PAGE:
Similar to gold, the silver industry is impacted by COVID-19. Although this hasn’t triggered any major problems just yet, that situation may change soon. Several companies are struggling to move their silver supply across borders.
Silver Logistics Worsen
It was somewhat to be expected that COVID-19 would continue to wreak havoc throughout 2020. With new infections popping up globally, the same issues which arose several months ago will come into play once again. For companies active in the precious metals industry, this will mean logistical problems more often than not.
Albeit there have been signs of a looming silver shortage, the situation may grow worse. Any company producing silver in Mexico and Argentina will run into export issues. Travel restrictions have been imposed once again, making it very difficult to move metals to other countries.
In Argentina, for example, the number of flights coming out of the southern part of the region is virtually nonexistent. Mining operations in that part of the country cannot export their ore, bars, or other goods conveniently. Getting workers to and from these locations can be equally problematic.
Overall, the situation in Mexico is relatively similar. Logistics remain a key problem for as long as COVID-19 continues to claim victims. As the global rate of infection is ramping up – primarily in Middle and South America – it seems unlikely that things will improve.in the foreseeable future.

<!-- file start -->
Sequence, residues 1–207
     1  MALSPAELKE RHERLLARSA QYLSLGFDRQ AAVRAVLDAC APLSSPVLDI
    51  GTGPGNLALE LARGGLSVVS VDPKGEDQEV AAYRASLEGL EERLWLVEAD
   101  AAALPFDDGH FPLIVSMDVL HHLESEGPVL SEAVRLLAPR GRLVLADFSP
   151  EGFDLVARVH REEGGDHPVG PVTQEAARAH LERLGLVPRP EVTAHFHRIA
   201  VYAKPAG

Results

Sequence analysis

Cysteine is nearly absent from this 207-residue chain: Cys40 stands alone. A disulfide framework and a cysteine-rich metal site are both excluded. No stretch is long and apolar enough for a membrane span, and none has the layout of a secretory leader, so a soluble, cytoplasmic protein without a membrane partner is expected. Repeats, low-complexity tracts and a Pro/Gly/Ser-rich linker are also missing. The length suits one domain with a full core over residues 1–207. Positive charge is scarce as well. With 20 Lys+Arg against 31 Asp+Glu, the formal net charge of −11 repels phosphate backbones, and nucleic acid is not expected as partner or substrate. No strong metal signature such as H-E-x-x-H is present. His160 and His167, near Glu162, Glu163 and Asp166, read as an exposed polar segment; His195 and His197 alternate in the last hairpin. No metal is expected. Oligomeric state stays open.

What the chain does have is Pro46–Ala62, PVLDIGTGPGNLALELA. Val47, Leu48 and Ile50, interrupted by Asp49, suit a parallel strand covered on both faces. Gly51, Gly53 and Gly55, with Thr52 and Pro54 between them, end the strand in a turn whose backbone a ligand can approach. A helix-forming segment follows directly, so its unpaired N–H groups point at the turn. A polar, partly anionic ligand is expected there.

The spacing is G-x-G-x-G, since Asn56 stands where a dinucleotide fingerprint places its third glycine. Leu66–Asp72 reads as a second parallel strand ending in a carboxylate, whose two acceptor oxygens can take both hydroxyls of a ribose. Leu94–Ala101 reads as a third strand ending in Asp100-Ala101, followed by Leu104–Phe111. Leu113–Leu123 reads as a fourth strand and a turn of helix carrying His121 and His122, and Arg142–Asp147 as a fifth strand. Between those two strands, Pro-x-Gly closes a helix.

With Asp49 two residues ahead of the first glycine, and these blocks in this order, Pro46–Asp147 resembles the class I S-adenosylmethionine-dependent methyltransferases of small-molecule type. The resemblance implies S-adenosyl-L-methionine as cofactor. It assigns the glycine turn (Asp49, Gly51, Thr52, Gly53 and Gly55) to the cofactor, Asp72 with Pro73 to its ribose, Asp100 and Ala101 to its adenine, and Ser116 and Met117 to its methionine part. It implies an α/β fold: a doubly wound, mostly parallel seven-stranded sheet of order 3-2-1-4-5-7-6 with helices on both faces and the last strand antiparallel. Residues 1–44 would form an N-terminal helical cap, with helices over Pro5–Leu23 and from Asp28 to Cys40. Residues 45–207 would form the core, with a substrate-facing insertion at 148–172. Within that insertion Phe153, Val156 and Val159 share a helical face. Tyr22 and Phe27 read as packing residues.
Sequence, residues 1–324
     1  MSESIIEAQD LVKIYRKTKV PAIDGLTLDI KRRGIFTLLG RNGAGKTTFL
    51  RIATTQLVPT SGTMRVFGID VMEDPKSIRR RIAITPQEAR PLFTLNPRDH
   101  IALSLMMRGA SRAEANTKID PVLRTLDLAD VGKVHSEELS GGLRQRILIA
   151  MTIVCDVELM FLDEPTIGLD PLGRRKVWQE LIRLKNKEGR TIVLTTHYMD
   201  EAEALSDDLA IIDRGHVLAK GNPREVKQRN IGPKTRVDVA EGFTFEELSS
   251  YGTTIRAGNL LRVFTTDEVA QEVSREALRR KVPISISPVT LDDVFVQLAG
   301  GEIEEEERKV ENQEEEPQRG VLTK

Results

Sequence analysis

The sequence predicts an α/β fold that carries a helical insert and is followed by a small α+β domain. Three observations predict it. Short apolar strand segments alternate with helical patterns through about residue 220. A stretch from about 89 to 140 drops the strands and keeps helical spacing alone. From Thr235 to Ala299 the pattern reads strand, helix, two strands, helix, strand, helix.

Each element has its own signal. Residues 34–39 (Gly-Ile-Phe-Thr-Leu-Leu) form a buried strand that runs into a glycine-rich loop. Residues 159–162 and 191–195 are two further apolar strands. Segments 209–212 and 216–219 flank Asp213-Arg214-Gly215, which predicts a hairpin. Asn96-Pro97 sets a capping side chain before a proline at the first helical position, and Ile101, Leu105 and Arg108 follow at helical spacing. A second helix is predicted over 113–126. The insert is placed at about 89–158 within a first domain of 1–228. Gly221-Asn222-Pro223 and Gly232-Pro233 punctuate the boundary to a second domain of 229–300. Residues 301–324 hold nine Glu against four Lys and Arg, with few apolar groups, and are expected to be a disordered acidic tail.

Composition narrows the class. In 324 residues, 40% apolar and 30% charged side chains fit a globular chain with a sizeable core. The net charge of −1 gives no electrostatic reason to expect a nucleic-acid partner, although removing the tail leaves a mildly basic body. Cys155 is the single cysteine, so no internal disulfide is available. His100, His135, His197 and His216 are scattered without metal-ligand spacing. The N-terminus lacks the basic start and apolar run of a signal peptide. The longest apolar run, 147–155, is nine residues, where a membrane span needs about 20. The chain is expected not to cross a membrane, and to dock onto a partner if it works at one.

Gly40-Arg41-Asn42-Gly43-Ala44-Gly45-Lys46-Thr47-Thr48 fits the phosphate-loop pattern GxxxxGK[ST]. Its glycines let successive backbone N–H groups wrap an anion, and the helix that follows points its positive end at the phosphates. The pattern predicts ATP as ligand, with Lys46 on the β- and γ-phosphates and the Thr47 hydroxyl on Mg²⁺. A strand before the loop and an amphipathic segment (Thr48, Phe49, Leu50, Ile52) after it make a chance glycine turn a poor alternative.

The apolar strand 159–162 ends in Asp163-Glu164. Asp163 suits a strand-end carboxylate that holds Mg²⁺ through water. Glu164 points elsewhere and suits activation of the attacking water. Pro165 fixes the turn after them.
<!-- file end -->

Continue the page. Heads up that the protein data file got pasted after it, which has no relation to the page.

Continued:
Lower Production Equals a Higher Price?
On paper, the silver price will rise if the production and supply is lower than normal. COVID-19 may prove to be an interesting catalyst in this regard. Silver has many industrial use cases, as it is found in a lot of products and goods. That demand will not necessarily slow down all that much during this pandemic.
In fact, some industries note stronger demand for silver than normal. An interesting turn of events, and combined with a decrease in production, anything can happen. At the same time, it is possible that production will be able to ramp up again in the near future. It is unclear what effect that would have on the current silver price trend.
Solving logistical issues is never done overnight. Especially not when so many external factors tend to disrupt one’s plans. As the overall available supply of the precious metal keeps shrinking, interesting things are bound to happen. What those things are exactly, remains unknown.